DNA tile ribbons (shown here in an atomic force microscopy image) can store information in their arrangement of tiles—12.5 nm by 4 nm by 2 nm self-assembled DNA structures. This information can be propagated during ribbon growth, and replicated in a cycle of ribbon growth and breakage, or scission. Image: Rebecca Schulman
When scientists think about the replication of
information in chemistry, they usually have in mind something akin to what
happens in living organisms when DNA gets copied: a double-stranded molecule
that contains sequence information makes two new copies of the molecule. But
researchers at the California Institute of Technology (Caltech) have now shown
that a different mechanism can also be used to copy sequence information.
In this alternate version, tiny DNA tile crystals
consisting of many copies of a piece of information are first grown, then
broken into a few pieces by mechanically induced scission, or force. The new
crystal bits contain all the information needed to keep copying the sequence.
Each piece then begins to replicate its information and grow until broken apart
again—without the help of enzymes, an essential ingredient in biological
sequence replication. In some ways, the new system is reminiscent of Goethe’s
poem, The Sorcerer’s Apprentice,
in which the apprentice smashes a magic mop with an axe, producing many exact
replicas of the sweeper, all programmed to do the same job.
“The genome-copying mechanism used by cells requires
tight control between the separation of DNA strands and the copying
process,” explains study lead author Rebecca Schulman, an assistant
professor at Johns Hopkins University who was a graduate student at Caltech
when the research began.
“But no such coordination is required in the system
we designed, which makes it simpler in many ways,” she says. “This
suggests that there may be other mechanisms of copying information that follow
this method using chemistry that could be simpler than the process cells use.
What we showed in the paper was a capacity to take a given chemical message—a
sequence of 1s and 0s—and make more copies of that message through a new, designed
The findings were reported in the Proceedings of the National Academy of Sciences
The idea that crystals can self-replicate was first
presented by organic chemist and molecular biologist Graham Cairns-Smith in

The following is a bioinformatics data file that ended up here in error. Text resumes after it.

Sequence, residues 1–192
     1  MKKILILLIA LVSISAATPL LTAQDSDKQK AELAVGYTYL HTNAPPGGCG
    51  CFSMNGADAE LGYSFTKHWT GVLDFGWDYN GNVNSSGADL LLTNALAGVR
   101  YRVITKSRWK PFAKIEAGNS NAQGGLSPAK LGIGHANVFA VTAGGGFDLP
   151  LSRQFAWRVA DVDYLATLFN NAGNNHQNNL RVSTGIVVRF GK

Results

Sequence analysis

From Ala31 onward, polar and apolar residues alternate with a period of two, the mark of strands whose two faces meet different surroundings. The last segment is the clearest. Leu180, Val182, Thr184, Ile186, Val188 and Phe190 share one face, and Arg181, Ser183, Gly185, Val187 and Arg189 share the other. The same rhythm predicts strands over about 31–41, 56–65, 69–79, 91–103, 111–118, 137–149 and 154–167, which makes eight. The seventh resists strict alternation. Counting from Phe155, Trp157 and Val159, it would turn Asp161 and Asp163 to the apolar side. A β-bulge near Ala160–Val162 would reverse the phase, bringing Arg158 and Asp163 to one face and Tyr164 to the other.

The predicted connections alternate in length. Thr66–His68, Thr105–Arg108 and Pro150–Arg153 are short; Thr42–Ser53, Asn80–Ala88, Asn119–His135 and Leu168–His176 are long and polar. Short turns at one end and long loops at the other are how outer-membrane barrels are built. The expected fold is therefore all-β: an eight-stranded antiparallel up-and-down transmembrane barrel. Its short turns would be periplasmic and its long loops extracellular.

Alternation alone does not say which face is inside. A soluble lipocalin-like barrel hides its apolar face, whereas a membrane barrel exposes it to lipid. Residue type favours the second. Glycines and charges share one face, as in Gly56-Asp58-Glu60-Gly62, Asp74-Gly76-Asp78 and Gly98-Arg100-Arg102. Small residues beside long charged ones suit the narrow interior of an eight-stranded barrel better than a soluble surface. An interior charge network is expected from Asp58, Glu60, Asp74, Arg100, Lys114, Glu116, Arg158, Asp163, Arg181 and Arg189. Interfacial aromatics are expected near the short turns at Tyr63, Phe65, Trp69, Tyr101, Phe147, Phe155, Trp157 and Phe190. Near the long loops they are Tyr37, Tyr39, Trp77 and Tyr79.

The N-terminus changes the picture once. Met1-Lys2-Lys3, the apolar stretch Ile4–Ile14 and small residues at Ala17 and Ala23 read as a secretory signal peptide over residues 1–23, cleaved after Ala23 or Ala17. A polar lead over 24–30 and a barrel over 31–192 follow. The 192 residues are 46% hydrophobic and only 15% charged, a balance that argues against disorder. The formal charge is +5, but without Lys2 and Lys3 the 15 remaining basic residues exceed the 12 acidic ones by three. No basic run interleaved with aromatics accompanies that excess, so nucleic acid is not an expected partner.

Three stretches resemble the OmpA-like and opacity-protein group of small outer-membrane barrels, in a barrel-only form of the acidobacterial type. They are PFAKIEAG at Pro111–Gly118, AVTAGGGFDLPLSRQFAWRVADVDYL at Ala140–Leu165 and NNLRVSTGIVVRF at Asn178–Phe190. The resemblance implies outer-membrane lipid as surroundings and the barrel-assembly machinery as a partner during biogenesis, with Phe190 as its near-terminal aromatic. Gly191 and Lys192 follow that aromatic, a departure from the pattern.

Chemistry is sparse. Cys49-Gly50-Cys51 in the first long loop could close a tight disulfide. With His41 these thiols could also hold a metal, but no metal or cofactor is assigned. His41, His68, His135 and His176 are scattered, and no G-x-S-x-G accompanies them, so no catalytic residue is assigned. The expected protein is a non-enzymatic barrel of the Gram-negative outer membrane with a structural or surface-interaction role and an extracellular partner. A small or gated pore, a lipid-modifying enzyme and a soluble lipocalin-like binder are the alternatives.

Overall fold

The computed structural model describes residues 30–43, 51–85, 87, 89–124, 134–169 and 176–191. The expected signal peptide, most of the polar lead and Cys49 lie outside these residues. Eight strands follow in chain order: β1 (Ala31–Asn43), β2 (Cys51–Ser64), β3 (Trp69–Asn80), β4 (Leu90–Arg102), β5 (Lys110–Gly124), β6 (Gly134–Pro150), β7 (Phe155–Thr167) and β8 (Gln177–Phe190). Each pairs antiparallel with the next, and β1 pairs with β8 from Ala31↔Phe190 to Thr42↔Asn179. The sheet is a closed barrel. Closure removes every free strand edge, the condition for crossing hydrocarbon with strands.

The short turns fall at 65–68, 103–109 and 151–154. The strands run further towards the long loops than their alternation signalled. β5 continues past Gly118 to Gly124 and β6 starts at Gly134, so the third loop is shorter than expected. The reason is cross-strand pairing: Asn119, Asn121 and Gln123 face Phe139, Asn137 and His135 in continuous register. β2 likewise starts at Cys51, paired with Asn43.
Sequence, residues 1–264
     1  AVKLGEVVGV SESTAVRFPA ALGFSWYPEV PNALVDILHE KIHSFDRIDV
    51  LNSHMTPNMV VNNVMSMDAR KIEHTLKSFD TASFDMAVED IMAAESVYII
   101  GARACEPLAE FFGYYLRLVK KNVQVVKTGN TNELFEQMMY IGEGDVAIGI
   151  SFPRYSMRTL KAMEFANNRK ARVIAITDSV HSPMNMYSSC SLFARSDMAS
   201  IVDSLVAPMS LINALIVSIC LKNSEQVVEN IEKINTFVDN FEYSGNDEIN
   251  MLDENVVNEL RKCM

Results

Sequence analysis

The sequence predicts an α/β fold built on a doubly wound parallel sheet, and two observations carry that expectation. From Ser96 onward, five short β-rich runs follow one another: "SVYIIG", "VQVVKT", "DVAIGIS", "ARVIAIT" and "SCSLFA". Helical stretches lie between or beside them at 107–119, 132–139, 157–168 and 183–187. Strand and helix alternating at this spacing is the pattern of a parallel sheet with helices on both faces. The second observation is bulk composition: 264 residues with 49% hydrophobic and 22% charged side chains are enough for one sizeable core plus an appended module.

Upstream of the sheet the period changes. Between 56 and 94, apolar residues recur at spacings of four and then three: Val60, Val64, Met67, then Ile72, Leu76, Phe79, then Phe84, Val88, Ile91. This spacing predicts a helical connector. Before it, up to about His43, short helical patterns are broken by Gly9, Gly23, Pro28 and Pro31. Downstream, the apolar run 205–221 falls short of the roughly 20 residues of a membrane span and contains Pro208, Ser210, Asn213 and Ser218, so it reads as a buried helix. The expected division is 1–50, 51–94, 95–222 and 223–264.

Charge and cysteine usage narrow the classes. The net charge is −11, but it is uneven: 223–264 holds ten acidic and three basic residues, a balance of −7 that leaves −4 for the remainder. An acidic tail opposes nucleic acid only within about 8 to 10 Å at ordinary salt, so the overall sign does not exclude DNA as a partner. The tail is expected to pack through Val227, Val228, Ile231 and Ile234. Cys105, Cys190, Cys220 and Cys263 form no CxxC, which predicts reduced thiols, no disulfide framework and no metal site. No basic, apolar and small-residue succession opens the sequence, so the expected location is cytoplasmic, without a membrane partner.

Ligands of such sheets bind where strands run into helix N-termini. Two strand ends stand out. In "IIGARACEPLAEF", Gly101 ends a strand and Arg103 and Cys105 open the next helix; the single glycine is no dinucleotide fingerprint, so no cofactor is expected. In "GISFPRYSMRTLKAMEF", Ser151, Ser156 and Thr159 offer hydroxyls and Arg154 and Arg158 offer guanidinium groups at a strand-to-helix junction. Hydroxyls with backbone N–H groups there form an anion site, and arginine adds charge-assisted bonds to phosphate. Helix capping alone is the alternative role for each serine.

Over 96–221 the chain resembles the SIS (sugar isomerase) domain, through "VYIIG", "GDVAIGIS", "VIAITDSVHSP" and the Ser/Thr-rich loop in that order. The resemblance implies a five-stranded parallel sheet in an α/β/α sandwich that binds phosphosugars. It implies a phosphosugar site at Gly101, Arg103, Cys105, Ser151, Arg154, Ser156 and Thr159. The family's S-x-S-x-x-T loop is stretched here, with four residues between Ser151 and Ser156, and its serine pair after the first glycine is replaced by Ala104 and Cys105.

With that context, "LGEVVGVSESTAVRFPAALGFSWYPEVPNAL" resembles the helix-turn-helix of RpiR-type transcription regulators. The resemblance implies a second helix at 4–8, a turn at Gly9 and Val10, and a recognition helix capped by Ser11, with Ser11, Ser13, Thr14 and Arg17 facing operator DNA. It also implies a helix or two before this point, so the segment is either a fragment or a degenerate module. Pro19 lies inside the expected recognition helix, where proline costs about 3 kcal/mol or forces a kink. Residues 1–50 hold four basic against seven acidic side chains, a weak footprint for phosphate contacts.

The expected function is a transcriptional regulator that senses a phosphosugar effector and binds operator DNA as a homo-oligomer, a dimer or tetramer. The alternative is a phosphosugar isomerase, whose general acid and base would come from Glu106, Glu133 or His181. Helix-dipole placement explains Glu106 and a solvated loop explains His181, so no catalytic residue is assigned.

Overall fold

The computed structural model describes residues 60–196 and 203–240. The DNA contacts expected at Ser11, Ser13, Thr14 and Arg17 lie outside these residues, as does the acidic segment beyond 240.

1965. He proposed, as well, that such crystals might have been the first
chemical self-replicators capable of Darwinian evolution. His theory was
controversial at the time, and his ideas have never gained widespread support.
But according to Erik Winfree, professor of computer science, computation and
neural systems, and bioengineering at Caltech and senior author on the PNAS paper, this new research shows
that Cairns-Smith’s hypothesis on the origin of life is demonstrably more
plausible than previously thought.
“Overall, we found that his principles and
mechanisms are sound, and although we didn’t experimentally demonstrate his
theory all the way, self-replication via crystal growth and scission should be
sufficient for Darwinian evolution,” he says. “This is because DNA
tile crystals can be programmed to process information during growth, allowing
them to adapt to their environment. Our findings could even form the basis of
novel molecular technologies for making complex self-replicating nanoscale
Their new research found that it is possible to design a
mechanism for copying chemical information very accurately without relying on
biological enzymes to assemble and separate sequence copies. Instead, the
researchers relied only on simple kinds of attachments—molecular binding and
unbinding reactions that they designed—and mechanical forces.
Having shown that information can be made to chemically
self-replicate, says Schulman, the question becomes, what kinds of messages can
be copied in this way?
“Our theoretical work suggests that not just linear
sequences but also patterns in two dimensions, similar to wallpaper patterns
that repeat every so often, could also be replicated,” she says.
The crystals used in the study simply copied information
verbatim from layer to layer as they grew, which in itself is insufficient to
kick-start a Darwinian evolutionary process. But crystal growth that produces complex
patterns resulting in 2D or 3D structures would, in this context, correspond to
a rudimentary “genotype-phenotype” relationship, thereby enriching
the Darwinian evolutionary process by introducing complex forms that would be
subject to selective pressures, Winfree says.
“Our findings show that
there is a bewildering variety of imaginable ways that chemical systems could
self-replicate and evolve,” he says. “This really puts into question
whether or not the way biology does things now is the only possible way that
life could be organized on a molecular level.”